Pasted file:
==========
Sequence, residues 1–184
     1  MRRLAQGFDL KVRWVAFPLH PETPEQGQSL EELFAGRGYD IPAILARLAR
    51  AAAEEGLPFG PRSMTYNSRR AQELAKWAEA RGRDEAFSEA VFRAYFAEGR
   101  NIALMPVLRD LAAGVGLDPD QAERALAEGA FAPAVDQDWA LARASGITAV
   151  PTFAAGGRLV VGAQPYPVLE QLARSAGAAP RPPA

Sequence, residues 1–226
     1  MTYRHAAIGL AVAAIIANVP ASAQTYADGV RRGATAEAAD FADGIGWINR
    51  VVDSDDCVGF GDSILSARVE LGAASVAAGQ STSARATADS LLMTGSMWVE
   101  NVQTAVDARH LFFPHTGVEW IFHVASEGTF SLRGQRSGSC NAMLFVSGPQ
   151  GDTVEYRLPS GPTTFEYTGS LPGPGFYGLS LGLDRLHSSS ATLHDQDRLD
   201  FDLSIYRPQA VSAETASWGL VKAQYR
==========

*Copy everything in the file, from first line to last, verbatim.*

Sequence, residues 1–184
     1  MRRLAQGFDL KVRWVAFPLH PETPEQGQSL EELFAGRGYD IPAILARLAR
    51  AAAEEGLPFG PRSMTYNSRR AQELAKWAEA RGRDEAFSEA VFRAYFAEGR
   101  NIALMPVLRD LAAGVGLDPD QAERALAEGA FAPAVDQDWA LARASGITAV
   151  PTFAAGGRLV VGAQPYPVLE QLARSAGAAP RPPA

Sequence, residues 1–226
     1  MTYRHAAIGL AVAAIIANVP ASAQTYADGV RRGATAEAAD FADGIGWINR
    51  VVDSDDCVGF GDSILSARVE LGAASVAAGQ STSARATADS LLMTGSMWVE
   101  NVQTAVDARH LFFPHTGVEW IFHVASEGTF SLRGQRSGSC NAMLFVSGPQ
   151  GDTVEYRLPS GPTTFEYTGS LPGPGFYGLS LGLDRLHSSS ATLHDQDRLD
   201  FDLSIYRPQA VSAETASWGL VKAQYR